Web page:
Q. Both Russian and Chinese military activity in neighboring Syria? At the
regional strategic level, what does this mean for Israel? For the US?
A. Unlike during the Cold War era, Israel has close strategic relations with both China
and Russia. This should enable it to contain and/or coordinate with them. Recent years of successful strategic
coordination between Jerusalem and Moscow since 2015 appear to support this assumption. Still, Israel can hardly be
complacent about the future. If and as peace is fully restored to Syria, Israel will have to contend with
Syrian-Russian and even Syrian-Chinese military alliances there that are designed to support the Assad regime with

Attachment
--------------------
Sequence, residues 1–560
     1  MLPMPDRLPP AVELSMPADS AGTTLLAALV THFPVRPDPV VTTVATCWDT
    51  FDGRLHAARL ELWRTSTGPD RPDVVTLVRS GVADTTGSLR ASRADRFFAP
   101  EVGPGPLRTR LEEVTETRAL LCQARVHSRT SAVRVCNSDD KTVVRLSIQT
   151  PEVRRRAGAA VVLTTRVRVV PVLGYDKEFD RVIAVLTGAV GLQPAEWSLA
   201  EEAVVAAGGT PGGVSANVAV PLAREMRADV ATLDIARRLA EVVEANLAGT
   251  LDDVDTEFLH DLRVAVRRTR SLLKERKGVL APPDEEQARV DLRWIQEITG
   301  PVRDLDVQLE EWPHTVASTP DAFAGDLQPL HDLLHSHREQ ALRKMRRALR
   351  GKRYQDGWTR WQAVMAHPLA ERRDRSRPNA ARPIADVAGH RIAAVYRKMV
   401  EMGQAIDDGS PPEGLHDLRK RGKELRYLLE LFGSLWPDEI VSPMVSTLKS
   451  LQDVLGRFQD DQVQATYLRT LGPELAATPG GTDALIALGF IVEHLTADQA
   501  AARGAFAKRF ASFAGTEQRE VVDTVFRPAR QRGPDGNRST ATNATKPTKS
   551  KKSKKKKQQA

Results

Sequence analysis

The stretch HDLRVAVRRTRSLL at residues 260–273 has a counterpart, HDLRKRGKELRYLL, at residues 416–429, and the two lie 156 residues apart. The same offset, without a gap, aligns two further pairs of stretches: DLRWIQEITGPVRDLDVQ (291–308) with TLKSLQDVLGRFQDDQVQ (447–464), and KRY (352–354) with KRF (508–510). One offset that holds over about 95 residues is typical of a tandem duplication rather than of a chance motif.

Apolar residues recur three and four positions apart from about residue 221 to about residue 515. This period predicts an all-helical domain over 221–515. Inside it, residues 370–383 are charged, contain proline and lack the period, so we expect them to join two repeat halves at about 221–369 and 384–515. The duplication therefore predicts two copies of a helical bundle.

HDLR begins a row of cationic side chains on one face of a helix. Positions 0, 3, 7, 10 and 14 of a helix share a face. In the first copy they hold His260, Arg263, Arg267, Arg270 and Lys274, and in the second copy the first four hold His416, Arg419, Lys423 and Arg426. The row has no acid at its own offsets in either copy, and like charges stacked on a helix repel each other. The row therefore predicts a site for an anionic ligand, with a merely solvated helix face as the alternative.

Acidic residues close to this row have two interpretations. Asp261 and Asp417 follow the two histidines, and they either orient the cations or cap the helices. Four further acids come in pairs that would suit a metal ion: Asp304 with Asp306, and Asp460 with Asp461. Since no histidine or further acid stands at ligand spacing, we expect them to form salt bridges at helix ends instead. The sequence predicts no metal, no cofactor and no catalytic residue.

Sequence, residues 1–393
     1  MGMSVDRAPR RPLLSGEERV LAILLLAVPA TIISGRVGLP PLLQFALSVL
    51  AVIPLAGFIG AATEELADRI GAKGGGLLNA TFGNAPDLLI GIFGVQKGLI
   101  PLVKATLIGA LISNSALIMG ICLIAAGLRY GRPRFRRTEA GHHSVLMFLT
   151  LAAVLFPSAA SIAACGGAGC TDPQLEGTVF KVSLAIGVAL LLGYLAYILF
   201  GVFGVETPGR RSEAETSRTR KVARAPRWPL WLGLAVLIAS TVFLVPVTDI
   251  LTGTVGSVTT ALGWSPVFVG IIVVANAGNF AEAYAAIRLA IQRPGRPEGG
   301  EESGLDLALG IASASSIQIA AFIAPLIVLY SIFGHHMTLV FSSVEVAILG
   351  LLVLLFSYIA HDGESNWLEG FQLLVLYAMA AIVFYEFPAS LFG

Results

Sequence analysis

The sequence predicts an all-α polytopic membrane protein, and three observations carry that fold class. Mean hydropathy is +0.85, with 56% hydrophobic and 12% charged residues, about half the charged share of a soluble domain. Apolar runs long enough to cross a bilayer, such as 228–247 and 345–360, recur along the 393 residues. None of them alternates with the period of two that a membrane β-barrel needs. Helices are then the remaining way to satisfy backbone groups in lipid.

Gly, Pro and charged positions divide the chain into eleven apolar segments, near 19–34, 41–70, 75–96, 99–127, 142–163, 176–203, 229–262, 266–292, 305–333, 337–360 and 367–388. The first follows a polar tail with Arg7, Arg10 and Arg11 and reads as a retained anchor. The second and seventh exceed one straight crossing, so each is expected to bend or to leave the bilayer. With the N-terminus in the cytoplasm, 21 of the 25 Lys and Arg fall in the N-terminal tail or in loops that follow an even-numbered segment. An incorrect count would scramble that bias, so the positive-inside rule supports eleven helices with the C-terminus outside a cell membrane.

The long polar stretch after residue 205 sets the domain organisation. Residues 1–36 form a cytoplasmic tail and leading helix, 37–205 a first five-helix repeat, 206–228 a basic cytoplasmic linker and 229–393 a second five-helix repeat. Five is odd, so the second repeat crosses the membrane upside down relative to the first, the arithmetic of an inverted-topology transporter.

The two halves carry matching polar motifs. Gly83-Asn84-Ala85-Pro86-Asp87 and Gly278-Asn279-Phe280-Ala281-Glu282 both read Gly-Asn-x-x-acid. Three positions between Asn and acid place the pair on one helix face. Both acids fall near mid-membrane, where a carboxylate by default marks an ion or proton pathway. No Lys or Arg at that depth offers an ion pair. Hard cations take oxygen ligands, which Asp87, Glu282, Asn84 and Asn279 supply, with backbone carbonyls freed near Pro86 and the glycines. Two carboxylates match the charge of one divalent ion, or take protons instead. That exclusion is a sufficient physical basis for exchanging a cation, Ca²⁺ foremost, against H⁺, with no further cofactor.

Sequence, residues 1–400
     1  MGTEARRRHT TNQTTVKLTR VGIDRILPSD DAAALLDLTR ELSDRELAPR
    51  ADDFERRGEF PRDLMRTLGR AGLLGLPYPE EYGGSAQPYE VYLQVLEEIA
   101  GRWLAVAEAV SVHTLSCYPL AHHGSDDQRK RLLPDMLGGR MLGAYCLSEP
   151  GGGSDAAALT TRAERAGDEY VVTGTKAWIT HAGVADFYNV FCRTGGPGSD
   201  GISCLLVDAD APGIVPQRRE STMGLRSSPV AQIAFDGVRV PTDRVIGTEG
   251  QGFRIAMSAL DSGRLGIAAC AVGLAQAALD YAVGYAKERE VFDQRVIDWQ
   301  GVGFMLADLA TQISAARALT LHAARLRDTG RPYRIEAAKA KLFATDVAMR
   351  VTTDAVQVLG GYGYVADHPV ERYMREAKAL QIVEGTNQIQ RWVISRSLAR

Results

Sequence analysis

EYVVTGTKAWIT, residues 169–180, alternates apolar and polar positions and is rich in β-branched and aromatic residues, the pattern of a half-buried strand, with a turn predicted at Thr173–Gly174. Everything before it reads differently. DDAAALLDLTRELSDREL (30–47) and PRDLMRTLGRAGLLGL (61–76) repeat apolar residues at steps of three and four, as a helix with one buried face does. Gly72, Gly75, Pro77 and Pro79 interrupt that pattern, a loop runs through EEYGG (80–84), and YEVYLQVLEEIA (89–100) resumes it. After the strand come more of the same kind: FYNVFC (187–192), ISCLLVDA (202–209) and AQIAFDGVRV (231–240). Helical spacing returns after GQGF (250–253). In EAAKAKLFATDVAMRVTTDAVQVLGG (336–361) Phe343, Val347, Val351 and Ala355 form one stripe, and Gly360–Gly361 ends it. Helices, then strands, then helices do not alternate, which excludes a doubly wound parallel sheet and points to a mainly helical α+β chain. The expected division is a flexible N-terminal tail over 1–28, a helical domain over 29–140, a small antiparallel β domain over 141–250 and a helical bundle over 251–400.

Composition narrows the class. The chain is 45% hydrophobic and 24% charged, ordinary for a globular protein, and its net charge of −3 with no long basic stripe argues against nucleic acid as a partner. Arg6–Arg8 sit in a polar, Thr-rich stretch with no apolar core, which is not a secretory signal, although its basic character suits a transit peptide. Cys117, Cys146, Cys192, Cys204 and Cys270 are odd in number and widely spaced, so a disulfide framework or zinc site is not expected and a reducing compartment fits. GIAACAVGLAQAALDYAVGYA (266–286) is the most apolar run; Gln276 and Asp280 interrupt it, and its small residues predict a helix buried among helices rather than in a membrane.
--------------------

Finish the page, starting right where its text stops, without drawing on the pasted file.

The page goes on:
its now-proven capacity for mass murder.
As for the Trump administration, it appears to have relinquished Syria--particularly the western part nearest to Israel--to Russian and possibly even Iranian influence. At a minimum, Washington seeks to delegate anti-Iranian tasks in the region to local allies--a highly doubtful strategy when applied to the likes of Saudi Arabia. A Chinese military presence in Syria presumably will make little difference to the US. Chinese-Russian-Iranian military and economic collaboration is a powerful potential alternative to US power projection in the region, even as the Pentagon increasingly focuses on Russia and China in other arenas.
This emerging strategic reality has to give Israel pause as it contemplates the years ahead.